Building networks of relationships does not happen overnight, and it takes attentiveness and hard work.  I’ve seen people who set out with a very clear goal to build a network as quickly as possible.  They see their goal, and they see others as a way to reach the goal.  And they often bulldoze straight ahead, leaving expendable bodies in their wake.  Some of the greatest relationships I’ve been fortunate to enjoy have come at the end of zigzagging that took place over months and even years—and could never have been envisioned if I had sat down and tried to map out who I needed to know and where knowing them would get me. 

As part of my MBA program while I was still working at Novell, I had the opportunity to go on a trip through Asia to study various businesses in Japan, Korea, and China.  When I returned, Mitsubishi had just signed a contract with Novell for some strategic engineering work.  As it happened, I was the only one in our department who had ever been to Japan.  So, even though I did not speak the language, I got assigned to be the strategic engineer for Mitsubishi. 

During this time the president of Mitsubishi’s PC Division, Dr. Peter Horne, traveled from Japan to Utah several times to meet with Novell’s CEO, Ray Noorda.  My job was to pick him up at the Salt Lake City airport and drive him to our Provo office, which was about an hour away.  I suppose I could have viewed this assignment as something of a chore, but I chose to see it as an opportunity to get to know a very bright, talented, capable individual.  So, I would wash my car, (thank goodness, I had recently traded up from the Dodge Colt!) and would try to think of some interesting topics of conversation.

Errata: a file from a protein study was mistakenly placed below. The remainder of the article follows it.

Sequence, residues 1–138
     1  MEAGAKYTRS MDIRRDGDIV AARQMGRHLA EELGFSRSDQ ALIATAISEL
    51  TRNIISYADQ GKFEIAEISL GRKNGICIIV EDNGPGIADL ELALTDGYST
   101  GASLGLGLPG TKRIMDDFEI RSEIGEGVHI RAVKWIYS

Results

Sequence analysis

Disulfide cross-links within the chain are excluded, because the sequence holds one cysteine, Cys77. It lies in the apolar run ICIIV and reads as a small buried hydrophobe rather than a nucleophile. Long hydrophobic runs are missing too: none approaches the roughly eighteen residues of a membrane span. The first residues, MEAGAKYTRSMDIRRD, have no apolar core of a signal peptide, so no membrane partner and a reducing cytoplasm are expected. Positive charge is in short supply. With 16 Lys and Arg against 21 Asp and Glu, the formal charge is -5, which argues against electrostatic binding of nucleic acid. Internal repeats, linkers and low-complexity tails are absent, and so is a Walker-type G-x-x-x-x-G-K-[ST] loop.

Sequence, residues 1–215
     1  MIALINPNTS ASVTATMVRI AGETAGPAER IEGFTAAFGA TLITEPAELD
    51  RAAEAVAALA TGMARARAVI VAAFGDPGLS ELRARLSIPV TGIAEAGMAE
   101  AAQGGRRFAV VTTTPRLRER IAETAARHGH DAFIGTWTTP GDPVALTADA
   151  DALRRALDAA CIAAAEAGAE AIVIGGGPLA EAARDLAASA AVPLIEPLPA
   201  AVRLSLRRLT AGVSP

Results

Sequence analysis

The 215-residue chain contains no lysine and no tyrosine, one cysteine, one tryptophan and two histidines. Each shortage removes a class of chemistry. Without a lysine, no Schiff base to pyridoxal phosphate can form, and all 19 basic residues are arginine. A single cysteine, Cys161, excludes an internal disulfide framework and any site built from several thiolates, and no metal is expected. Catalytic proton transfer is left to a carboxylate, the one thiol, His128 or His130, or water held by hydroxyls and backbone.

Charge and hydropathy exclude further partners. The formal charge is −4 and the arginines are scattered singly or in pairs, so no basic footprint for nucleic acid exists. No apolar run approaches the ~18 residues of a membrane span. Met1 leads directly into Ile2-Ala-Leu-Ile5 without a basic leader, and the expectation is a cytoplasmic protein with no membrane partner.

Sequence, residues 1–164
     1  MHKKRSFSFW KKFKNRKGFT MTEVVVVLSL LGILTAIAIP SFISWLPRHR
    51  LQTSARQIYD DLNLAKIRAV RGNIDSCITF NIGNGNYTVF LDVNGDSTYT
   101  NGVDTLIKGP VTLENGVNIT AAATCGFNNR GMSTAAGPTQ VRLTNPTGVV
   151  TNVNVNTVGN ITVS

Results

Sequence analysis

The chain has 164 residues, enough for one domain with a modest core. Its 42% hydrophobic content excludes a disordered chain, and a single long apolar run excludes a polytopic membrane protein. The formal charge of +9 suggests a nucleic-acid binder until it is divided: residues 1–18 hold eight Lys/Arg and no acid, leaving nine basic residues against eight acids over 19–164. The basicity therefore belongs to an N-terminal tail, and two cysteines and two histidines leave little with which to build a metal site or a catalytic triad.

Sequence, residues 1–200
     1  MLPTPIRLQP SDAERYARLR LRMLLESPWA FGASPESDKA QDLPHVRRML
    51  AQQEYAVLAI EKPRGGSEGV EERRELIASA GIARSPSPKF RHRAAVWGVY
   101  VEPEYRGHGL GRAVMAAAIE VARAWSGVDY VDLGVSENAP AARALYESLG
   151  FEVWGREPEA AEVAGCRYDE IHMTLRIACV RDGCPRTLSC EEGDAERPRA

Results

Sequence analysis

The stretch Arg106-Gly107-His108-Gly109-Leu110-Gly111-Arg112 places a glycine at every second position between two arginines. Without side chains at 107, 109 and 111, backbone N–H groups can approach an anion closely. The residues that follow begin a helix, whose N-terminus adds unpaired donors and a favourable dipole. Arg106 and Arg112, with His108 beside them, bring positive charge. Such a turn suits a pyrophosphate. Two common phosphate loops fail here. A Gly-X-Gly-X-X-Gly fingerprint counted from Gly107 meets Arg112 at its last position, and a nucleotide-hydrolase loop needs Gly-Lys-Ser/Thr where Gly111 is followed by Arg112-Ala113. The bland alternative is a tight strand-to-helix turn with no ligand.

Dr. Horne and I had made the same trip several times when something happened that changed my life. As he climbed into my car on a Wednesday afternoon for another trip back to the airport, Dr. Horne tossed his jacket into the back seat of my car, unbeknownst to me.  When we pulled up to the terminal, he grabbed his luggage but inadvertently left his jacket behind.  I drove home, dropped off the car for my wife, and then got a ride to a Boy Scout activity I was helping to chaperone.

This was before cell phones, and while I was gone my wife got a frantic call from Dr. Horne letting her know that he had failed to retrieve his jacket and that his passport and wallet were in its pockets.  Without a second thought, my wife loaded our three kids (all under the age of six) into the car and drove like crazy up to the airport.  My wife and these little kids ran through the airport as fast as they could in order to get the jacket to Dr. Horne before his flight took off.  (If you can remember ancient history, this was before the days of airport security.) 

A few weeks later my wife received a package in the mail with a beautiful hand-carved jewelry box and a thank-you note.  In the note Dr. Horne commented that his wallet had contained a substantial amount of cash and that not one cent had been touched.  He expressed amazement that we would have the integrity to return his wallet without even looking inside.  He was also grateful that my wife would drive up, even though it was clearly an inconvenience.  In a subsequent conversation, Dr. Horne told me that if I ever decided to leave Novell, he would like to talk with me.  Indeed, the time did come when I left Novell, and through a series of fortuitous events I became the general manager of  Mitsubishi Electrics PC Division in the United States.  Meeting Dr. Horne was one of the first real breaks I had during the early years of my career.  What started out as a small act of service on my wife’s part was rewarded with a strong mentor, boss, and a dear friend.  I will be forever grateful to Dr. Peter Horne.